The Bluestreak cleaner wrasse is one of those fish you really learn to appreciate.
These fish play an important role in your saltwater tank by cleaning and eating parasites and dead scales off other fish in your tank.
They are very unique as they can prevent your fish from becoming quite sick and save them from certain death due to parasites or disease.
The Cleaner wrasse is a common saltwater fish. They are easy to find and affordable to buy.
They have a great personality and can adapt well to other tankmates.
Let’s look at some more Cleaner wrasse facts you might not have known.
#1. Cleaning stations
The Bluestreak cleaner wrasse will set up a cleaning station and signal other fish into it for cleaning.
They do this by performing an up and down movement of their tail which alerts other fish that the cleaning station is available.
Not only does the Cleaner wrasse clean the body of other fish, but it will also clean inside the mouth of other larger fish.
#2. Open swimming space
The Cleaner wrasse is a smaller fish but needs a larger tank with plenty of swimming space.
They are a very active swimmer and are known to jump, so it’s important to only put them in a tank with a tightly fitted lid and keep your overflows covered.
#3. Short lifespan
The Cleaner wrasse has a very short lifespan of about 4 years. It’s common for them to not live that long in a home aquarium.
#4. They are hermaphrodites
These fish are considered to be hermaphrodites. They are all born with reproductive organs to become males and females.
Normally when a male of a group dies, the next largest female in the group will become a male. Read more about hermaphrodites and cleaner wrasses here.
“Reef aquariums are definitely the pinnacle of the hobby.” ~ Brian K. Vaughan
#5. They are not for beginners
The Cleaner wrasse is not a fish for beginners. They can be very difficult to keep if your saltwater tank is new or not suitable for them.
They are very picky eaters and are known to starve to death.
They are carnivores and aside from eating parasites and dead scales from other fish, it can be very difficult to get them used to most foods.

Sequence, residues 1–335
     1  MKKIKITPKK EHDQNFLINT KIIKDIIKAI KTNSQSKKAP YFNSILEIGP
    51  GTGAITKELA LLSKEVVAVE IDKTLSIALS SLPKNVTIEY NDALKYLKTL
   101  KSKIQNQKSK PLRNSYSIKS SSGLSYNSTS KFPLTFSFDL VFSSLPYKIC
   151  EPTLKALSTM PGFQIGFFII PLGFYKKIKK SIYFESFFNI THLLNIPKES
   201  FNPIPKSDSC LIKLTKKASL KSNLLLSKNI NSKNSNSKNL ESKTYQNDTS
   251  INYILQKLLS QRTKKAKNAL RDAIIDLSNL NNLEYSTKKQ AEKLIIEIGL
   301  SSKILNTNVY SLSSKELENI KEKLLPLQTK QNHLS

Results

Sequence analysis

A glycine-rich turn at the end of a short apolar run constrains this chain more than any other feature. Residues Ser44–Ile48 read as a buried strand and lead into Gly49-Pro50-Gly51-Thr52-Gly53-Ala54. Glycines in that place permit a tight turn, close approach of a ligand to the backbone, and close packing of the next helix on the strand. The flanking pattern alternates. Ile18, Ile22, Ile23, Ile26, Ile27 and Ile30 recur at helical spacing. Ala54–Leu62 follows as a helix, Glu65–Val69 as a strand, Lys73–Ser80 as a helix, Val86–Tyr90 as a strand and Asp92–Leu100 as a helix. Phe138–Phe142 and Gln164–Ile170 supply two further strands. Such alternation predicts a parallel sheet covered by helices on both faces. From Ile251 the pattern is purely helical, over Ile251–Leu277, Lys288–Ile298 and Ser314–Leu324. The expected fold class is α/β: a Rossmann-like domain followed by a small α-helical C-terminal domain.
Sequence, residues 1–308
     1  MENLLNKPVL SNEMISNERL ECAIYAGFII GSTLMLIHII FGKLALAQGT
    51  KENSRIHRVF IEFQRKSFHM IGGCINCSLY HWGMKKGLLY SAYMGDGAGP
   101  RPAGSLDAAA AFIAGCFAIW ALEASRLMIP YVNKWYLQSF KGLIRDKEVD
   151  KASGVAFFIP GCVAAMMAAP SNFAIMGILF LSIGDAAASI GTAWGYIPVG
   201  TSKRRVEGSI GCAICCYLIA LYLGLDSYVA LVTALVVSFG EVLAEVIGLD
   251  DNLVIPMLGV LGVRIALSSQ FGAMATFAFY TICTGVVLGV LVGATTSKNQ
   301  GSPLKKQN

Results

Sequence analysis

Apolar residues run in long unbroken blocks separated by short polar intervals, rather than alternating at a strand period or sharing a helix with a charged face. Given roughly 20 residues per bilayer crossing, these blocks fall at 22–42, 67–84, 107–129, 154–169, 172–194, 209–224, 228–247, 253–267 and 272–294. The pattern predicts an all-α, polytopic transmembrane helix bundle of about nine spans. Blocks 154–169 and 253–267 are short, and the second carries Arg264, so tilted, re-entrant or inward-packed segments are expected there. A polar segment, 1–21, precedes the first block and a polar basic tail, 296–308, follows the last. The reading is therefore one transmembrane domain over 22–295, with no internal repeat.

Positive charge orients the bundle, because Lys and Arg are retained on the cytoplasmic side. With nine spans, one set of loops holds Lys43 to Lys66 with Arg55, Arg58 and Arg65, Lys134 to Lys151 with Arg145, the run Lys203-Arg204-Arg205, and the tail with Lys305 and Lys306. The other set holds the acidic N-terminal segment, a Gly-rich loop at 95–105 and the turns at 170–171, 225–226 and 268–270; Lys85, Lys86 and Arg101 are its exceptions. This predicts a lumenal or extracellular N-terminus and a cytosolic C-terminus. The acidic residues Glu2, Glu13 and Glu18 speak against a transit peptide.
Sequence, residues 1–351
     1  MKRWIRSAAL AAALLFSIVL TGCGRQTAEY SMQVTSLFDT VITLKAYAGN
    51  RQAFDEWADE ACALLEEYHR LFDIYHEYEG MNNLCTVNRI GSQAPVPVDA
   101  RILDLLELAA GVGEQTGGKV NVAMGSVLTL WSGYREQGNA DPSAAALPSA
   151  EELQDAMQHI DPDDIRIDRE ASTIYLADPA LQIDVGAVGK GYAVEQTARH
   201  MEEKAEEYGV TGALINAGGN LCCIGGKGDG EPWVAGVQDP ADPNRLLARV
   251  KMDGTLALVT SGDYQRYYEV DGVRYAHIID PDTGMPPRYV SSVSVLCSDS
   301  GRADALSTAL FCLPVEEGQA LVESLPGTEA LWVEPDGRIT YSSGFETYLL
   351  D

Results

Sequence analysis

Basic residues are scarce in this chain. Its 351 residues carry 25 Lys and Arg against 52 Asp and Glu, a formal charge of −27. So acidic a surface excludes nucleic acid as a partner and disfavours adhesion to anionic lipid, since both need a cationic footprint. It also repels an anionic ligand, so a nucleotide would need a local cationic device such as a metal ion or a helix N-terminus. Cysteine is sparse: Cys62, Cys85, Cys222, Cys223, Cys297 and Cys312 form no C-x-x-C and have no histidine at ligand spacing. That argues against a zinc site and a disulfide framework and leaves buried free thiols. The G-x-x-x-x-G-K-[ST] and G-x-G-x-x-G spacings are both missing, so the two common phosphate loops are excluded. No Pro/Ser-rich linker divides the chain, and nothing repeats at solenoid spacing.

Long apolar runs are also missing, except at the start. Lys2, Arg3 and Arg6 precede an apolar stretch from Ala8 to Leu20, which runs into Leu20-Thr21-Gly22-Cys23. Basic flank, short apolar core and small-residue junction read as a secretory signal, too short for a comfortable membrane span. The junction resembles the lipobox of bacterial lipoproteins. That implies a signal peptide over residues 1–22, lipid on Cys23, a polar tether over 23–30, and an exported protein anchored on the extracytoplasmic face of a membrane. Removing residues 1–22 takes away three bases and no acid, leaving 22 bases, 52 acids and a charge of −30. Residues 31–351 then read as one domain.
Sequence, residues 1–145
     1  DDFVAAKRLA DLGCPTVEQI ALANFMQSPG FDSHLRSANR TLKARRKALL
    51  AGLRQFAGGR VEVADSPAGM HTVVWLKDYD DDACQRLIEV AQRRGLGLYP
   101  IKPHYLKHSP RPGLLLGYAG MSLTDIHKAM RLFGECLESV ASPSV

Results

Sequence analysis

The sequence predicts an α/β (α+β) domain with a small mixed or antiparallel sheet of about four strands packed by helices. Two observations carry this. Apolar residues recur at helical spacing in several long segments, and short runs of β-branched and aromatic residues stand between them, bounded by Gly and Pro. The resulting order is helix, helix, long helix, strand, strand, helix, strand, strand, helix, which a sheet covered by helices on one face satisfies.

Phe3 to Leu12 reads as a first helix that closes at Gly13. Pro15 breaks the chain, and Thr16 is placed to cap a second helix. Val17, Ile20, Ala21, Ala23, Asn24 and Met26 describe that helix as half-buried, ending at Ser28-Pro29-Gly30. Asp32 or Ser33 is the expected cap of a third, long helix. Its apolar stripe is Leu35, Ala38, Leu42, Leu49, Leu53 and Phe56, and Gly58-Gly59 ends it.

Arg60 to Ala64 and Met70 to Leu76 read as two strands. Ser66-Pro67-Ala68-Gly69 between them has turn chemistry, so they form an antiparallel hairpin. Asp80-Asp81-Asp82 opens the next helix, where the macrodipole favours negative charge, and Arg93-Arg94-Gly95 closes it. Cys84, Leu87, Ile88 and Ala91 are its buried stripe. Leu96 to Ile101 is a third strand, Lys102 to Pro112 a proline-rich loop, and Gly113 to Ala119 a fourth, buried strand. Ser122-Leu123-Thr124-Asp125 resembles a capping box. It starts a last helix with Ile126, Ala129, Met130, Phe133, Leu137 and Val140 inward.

#6. They need sand and rocks
Cleaner wrasses are known to burrow in the sandbed and sleep in between holes in your rocks.
Having plenty of live rock in your tank for them is important. They will also use these rocks to set up their cleaning stations.
#7. Ok with predators
Large predatory fish in the same tank won’t bully or be aggressive with a Cleaner wrasse as they would with some other fish. I won’t say all predators are safe but many are.
They realize the value and purpose of the wrasse and understand that it’s a good idea and very beneficial to keep them around.
#8. Males and females look the same
It is almost impossible to tell the difference between a male and female Cleaner wrasse. They are similar in many ways including colors, marking, and size.
#9. Breeding can take place
It’s common for the Bluestreak cleaner wrasse to breed in saltwater tanks. But it’s not so common for reproduction to be successful.
Males will perform a mating dance to attract females which will then lay eggs to be fertilized by the male.
1 male can breed with several females at the same time.
#10 Suitable for different tanks
The Cleaner wrasse is safe for saltwater fish only or FOWLR tanks, plus suitable for reef aquariums and tanks with invertebrates.
They are a peaceful fish that usually doesn’t bother anything in the tank.
The Bluestreak cleaner wrasse is a great fish to have providing you can care for it properly. They are difficult to keep for many hobbyists as they rarely eat foods other than what they clean from another fish. It’s common for them to die due to malnutrition.
But that aside, if your tank is mature and can provide proper nutrition for them, they are a valuable asset to your tank. They are very active and fun to watch cleaning other fish.
Particularly when they are cleaning the inside of a large predator fish mouth.
Any other fish would not get away with that, but the Cleaner wrasse can as it’s invaluable to the other fish.
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